Raising Healthy Kids

7 Steps to Conquer Childhood Obesity

Share This

By Stacy Leatherwood Cannon, M.D.

A few years ago, the medical community thought childhood obesity had peaked. Unfortunately, that’s not true. Today, one out of five children is obese, and the latest numbers indicate that rates of childhood obesity show no signs of waning.

The stakes for obese kids are high. Beyond vanity and social anxiety, being overweight or obese during childhood increases the risks of developing long-term complications that can impact health for a lifetime.

Reining in the Obesity Epidemic

The typical American lifestyle requires kids to be “on” around the clock. Parents rush them from school to social activities and then home to do homework and gulp down dinner before bed. All of that running around is not only stressful, it also leaves little time for food preparation, exercise and mindfulness.

Families who want to change the culture in their household to be healthier need to be intentional about it. Here’s how:

  1. Be a good role model. Kids imitate their parents — even unknowingly. So, if you’re mindlessly nibbling on chips while you’re watching TV or digging into a pint of ice cream after a tough day, you can expect your kids to do the same. Similarly, if you hit the gym when you’re feeling stressed or snack on carrots while you prepare dinner, your kids are more likely to follow suit there, too.
  1. Practice moderation. I don’t have a problem with kids eating a cupcake to celebrate a classmate’s birthday. However, eating cupcakes on a daily basis can set a child up for weight issues down the line. Instead, change the culture to support better dietary choices. Want dessert? Serve your child a bowl of berries with a dollop of cream. Or share a bowl of sorbet.
  1. Limit device use. Devices have a lot to do with obesity. Devices not only keep kids from exercising and getting outside, they’re also linked to stress and depression — both emotional states can lead to increased food cravings and overeating. Plus, when kids are on devices, they often engage in mindless eating.
  1. Clean up your kitchen. Stock your pantry with healthy snacks. Wash and cut vegetables so they’re ready to eat and then store them in the front of the refrigerator. That way, when your kids are hungry, they’ll reach for those snacks first.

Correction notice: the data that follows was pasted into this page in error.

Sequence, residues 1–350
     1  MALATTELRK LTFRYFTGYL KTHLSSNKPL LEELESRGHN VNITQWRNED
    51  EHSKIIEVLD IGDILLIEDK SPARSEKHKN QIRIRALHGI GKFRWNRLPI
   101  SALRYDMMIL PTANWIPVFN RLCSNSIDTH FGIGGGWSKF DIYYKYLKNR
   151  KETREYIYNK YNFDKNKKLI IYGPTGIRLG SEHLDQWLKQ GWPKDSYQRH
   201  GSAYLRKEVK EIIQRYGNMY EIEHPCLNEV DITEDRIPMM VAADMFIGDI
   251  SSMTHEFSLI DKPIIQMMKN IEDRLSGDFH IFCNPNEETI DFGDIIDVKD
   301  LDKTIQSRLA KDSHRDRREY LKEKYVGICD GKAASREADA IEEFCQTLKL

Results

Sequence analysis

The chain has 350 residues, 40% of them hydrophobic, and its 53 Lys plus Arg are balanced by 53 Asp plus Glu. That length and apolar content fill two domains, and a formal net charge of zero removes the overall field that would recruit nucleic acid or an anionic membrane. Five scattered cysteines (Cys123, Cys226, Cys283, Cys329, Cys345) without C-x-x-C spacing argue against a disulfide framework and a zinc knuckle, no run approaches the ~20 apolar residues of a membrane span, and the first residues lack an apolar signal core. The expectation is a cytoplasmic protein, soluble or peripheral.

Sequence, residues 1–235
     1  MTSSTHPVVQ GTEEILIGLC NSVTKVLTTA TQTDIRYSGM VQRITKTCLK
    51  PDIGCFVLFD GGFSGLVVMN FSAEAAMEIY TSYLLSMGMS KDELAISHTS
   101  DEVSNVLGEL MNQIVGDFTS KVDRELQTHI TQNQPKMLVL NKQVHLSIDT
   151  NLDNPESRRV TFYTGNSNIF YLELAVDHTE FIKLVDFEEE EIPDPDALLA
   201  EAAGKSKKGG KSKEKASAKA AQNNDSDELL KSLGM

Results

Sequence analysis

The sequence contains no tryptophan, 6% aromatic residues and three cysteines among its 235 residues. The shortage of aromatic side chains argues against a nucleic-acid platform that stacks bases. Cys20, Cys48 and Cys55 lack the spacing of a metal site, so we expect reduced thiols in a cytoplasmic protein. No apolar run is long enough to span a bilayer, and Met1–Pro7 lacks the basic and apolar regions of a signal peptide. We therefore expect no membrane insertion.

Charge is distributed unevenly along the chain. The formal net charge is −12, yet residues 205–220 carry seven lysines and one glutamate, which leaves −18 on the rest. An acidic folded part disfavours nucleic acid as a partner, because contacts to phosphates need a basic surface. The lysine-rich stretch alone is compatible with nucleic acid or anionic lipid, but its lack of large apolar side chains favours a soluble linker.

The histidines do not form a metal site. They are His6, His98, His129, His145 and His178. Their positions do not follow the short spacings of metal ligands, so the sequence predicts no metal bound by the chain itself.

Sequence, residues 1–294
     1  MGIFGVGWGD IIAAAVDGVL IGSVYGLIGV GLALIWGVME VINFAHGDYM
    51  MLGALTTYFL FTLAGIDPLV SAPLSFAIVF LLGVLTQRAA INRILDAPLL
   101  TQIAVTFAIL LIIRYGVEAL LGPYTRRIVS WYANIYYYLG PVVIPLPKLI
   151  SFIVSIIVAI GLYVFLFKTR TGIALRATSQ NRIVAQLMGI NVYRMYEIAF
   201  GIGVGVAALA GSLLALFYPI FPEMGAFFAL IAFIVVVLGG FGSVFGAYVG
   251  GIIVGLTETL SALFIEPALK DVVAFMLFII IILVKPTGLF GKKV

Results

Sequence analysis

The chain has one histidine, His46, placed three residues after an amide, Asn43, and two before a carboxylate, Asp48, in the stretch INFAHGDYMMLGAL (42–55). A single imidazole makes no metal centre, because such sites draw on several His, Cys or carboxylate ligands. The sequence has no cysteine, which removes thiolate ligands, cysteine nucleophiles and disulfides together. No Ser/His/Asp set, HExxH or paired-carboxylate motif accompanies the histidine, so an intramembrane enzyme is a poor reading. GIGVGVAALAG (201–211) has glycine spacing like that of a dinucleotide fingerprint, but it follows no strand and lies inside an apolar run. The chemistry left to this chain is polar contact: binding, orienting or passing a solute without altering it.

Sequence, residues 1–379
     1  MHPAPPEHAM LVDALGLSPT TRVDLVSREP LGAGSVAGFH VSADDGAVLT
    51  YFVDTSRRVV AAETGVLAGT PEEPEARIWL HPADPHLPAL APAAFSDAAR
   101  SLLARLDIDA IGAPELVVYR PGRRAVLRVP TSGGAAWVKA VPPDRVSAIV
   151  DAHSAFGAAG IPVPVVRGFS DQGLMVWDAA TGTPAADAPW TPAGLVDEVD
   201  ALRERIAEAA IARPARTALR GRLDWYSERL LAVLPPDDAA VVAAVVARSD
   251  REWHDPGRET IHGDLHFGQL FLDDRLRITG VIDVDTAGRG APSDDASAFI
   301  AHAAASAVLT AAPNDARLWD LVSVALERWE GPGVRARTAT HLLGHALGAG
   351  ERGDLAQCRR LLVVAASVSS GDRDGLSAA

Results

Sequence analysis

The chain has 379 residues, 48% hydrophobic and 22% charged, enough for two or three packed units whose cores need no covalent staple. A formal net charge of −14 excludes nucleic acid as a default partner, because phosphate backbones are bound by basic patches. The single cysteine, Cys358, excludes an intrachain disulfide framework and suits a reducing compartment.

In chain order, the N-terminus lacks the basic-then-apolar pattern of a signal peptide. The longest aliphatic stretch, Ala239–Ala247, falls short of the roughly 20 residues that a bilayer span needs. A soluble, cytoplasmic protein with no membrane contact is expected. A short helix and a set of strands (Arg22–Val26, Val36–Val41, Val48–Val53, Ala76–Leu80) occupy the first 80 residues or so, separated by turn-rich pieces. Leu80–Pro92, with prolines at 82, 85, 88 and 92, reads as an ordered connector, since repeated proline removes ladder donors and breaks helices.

1. Plan ahead. With today’s busy schedules, a lot of families rely on take-out and fast food each week. If you plan ahead, you may be able to limit fast food outings to one day a week — or just buy prepared side dishes for meals. Better yet, get acquainted with your instant pot or slow cooker. That way, you can prepare meals in the morning and they’ll be ready in time for dinner.
  1. Eat smaller portions. Portion sizes, especially for kids, are much larger than they should be. So, even if you’re trying to make healthy meals, your kids may be overeating. Downsize your dinner plates and if kids want seconds, focus on vegetables first.
  1. Get creative. Think about exercise — and even food — in less conventional ways. So instead of always serving up apples after school, let kids pick a new fruit each week to try. With regard to exercise, don’t limit your kids to sports or hitting the gym. You can squeeze in activity by parking far away from the grocery store, playing freeze dance, where you put on music and have kids dance then pause the music so they freeze (if they move after the music stops, they’re out), or even shooting hoops in the backyard.

Look at the Big Picture

Make sure you know your child’s height, weight and body mass index. If your child falls in the overweight or obese range, don’t blow it off. While some kids may have a larger frame, and exercise does help, there is often more to the story. A better approach: Talk to your doctor about additional testing.

It’s important to know whether your child is at risk for developing heart issues or diabetes. Then, instead of trying to overhaul your world in one shot, choose one or two areas to focus on. Approaching big change that way is not only less overwhelming, it’s also more sustainable.

Some key benchmarks: five fruits and vegetables daily, less than two hours of recreational screen time, one hour of physical activity and zero sugar-sweetened drinks.

For more healthy, family-friendly ideas, download the 5-2-1-0 Kids! app. This resource provides healthy indoor games and teaches children the importance of healthy habits.

To make an appointment with a pediatrician, call 1-800-HENRYFORD (436-7936) or visit henryford.com.